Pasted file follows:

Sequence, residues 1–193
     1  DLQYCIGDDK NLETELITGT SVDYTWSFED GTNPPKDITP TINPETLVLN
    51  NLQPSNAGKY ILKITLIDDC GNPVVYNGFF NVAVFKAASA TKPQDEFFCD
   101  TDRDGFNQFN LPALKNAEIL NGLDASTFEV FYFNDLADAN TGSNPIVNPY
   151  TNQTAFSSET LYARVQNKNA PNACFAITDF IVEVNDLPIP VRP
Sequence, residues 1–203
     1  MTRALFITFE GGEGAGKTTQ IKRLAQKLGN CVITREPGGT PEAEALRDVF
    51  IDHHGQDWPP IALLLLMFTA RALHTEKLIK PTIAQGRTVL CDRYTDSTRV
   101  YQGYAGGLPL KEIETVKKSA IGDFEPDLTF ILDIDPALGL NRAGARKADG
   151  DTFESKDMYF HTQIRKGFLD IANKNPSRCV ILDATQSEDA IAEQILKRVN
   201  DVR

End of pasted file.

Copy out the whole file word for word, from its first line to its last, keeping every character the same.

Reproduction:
Sequence, residues 1–193
     1  DLQYCIGDDK NLETELITGT SVDYTWSFED GTNPPKDITP TINPETLVLN
    51  NLQPSNAGKY ILKITLIDDC GNPVVYNGFF NVAVFKAASA TKPQDEFFCD
   101  TDRDGFNQFN LPALKNAEIL NGLDASTFEV FYFNDLADAN TGSNPIVNPY
   151  TNQTAFSSET LYARVQNKNA PNACFAITDF IVEVNDLPIP VRP
Sequence, residues 1–203
     1  MTRALFITFE GGEGAGKTTQ IKRLAQKLGN CVITREPGGT PEAEALRDVF
    51  IDHHGQDWPP IALLLLMFTA RALHTEKLIK PTIAQGRTVL CDRYTDSTRV
   101  YQGYAGGLPL KEIETVKKSA IGDFEPDLTF ILDIDPALGL NRAGARKADG
   151  DTFESKDMYF HTQIRKGFLD IANKNPSRCV ILDATQSEDA IAEQILKRVN
   201  DVR